Cornwallis and Bell’s Mill

November 29, 2006

North Facing Foundation Wall, and Trash Heap

Martha (McFarland) McGee was a widow with five children when she married Captain William Bell in May of 1779. Bell owned Bell’s Mill, circa 1725, located in Randolph County, North Carolina. While Captain Bell, an officer in the North Carolina militia, was away serving his county, his new wife Martha operated the mill.

In 1781, after the Battle of Guilford Courthouse, Lord Cornwallis went ahead to Bell’s Mill to confiscate corn and meal for his army, while he briefly occupied Mrs. Bell’s home as his headquarters.

Mrs. Bell confronted the British general to ask if he was planning to torch the mill when he finished grinding meal for his troops. She told him that if he planned to destroy the mill, that she would to burn it herself. Bell’s Mill was spared and continued in operation.

Martha McFarland McGee Bell was honored at Guilford Court House Battleground with a monument that reads, “Loyal Whig, Enthusiastic Patriot, Revolutionary Heroine“.

Sadly, reports Gary Strader whose photograph of Bell’s Mill is here posted, the historic mill site is now under water. For more information see his web site: “Bell’s Mill

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The image, North Facing Foundation Wall, and Trash Heap, is subject to copyright by gstrader. It is posted here with permission via the Flickr API by barneykin, administrator of “The Revolution flickred” pool.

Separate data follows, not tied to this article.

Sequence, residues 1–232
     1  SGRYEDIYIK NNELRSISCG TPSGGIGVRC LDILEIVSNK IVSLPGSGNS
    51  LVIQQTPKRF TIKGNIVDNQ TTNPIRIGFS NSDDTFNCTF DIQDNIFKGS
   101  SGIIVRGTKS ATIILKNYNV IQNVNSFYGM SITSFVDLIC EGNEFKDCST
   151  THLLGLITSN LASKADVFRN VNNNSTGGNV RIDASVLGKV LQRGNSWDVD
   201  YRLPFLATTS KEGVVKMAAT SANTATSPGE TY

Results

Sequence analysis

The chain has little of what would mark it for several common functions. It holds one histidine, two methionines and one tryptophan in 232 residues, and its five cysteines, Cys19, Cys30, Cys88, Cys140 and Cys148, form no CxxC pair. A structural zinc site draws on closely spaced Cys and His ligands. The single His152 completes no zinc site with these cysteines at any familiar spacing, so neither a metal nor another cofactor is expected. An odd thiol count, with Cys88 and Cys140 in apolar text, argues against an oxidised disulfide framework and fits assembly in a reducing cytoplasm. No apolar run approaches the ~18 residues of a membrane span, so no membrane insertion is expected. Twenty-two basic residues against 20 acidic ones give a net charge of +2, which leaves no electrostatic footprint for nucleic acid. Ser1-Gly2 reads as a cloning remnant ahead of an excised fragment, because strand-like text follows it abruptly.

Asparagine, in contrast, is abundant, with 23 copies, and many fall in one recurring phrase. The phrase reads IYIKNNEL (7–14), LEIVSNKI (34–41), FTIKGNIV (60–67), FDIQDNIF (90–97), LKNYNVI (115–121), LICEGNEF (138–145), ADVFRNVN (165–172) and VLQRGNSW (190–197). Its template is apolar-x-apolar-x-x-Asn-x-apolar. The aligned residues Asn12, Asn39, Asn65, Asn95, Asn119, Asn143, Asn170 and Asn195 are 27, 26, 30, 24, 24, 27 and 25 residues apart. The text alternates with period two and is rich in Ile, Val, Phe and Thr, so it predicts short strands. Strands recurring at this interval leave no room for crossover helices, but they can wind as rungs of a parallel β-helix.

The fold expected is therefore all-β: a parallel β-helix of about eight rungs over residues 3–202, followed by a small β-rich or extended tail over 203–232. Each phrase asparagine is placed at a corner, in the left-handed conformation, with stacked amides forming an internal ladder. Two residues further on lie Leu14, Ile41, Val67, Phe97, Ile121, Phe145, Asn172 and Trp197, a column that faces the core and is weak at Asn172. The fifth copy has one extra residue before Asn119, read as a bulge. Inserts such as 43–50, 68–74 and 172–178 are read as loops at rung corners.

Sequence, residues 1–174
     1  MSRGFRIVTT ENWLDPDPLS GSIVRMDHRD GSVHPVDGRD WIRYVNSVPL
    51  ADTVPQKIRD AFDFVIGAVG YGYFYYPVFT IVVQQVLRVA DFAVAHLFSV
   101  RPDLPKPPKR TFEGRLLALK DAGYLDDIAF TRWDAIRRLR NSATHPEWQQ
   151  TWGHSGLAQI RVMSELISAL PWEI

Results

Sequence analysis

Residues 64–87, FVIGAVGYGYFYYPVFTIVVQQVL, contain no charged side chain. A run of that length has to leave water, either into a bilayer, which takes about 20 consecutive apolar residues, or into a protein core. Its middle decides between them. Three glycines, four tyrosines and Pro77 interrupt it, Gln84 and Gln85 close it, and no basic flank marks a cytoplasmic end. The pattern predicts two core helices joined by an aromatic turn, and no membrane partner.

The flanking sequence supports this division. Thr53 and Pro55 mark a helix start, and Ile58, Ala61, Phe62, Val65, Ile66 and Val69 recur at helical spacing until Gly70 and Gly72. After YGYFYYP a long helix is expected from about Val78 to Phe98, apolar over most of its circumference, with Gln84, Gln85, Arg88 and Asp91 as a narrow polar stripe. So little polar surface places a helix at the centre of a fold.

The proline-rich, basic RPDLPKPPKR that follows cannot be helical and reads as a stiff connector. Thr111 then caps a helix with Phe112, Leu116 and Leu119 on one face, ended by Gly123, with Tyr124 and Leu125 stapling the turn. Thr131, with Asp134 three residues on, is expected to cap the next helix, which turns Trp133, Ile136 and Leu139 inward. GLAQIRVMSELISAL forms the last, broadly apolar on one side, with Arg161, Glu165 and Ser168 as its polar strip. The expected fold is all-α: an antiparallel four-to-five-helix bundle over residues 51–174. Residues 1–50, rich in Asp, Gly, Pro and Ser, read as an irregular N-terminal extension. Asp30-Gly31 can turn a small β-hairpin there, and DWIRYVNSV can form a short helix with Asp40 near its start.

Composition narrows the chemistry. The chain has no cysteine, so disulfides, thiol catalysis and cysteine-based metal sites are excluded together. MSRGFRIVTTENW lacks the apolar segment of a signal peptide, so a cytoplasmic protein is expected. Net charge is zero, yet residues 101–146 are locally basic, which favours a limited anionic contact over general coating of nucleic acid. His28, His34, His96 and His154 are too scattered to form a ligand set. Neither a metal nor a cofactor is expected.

Thomas Jefferson Lives On

November 5, 2006

Revolutionary War Image

Virginians continue to be enamored of their great son and patriot Thomas Jefferson.  He is remembered everywhere, as here he sits outside a shop in Williamsburg.

When Thomas Jefferson succeeded Patrick Henry as governor of Virginia, in 1780, he agreed to move the capitol from Williamsburg to Richmond, as it was a more central and protected location. However, both Williamsburg and Richmond were soon invaded by the British in full force, as was all of Virginia, in 1781. Although Jefferson was harshly criticized by his foes for leaving Richmond before the onslaught, he did save his neck, and survive to contribute much more to the newly founded nation.

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The image, Thomas Jefferson statue at Merchants Sq., is subject to copyright by jeffq. It is posted here with permission via the Flickr API by barneykin, administrator of “The Revolution flickred” pool.


Yorktown Day 2006

October 21, 2006

Revolutionary War Image

October 19th, 2006

Yorktown, Virginia’s 225th commemoration of the Victory at Yorktown on 19 October 1781, celebrating the final battle of the American Revolution that secured independence for the United States.

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The image, 100_0753.JPG, is subject to copyright by Haobaba. It is posted here with permission via the Flickr API by barneykin, administrator of “The Revolution flickred” pool.


Yorktown Victory Monument

October 19, 2006

flickr
The Seige of Yorktown, led by General George Washington, ended with the surrender of General Cornwallis and his army of 17,600 on October 19, 1781. Upon hearing of the defeat the British Prime Minister, Frederick Lord North, exclaimed, “Oh God, it’s all over.”The victory at Yorktown effectively ended the war.

The image, Yorktown, was originally uploaded by Alan Hostetler. It is posted here from Neddy’s flickr favorites.


French Grave Marker

October 13, 2006

Revolutionary War Image

Unknown Soldiers
Yorktown Battlefield, Yorktown, Virginia
October 1781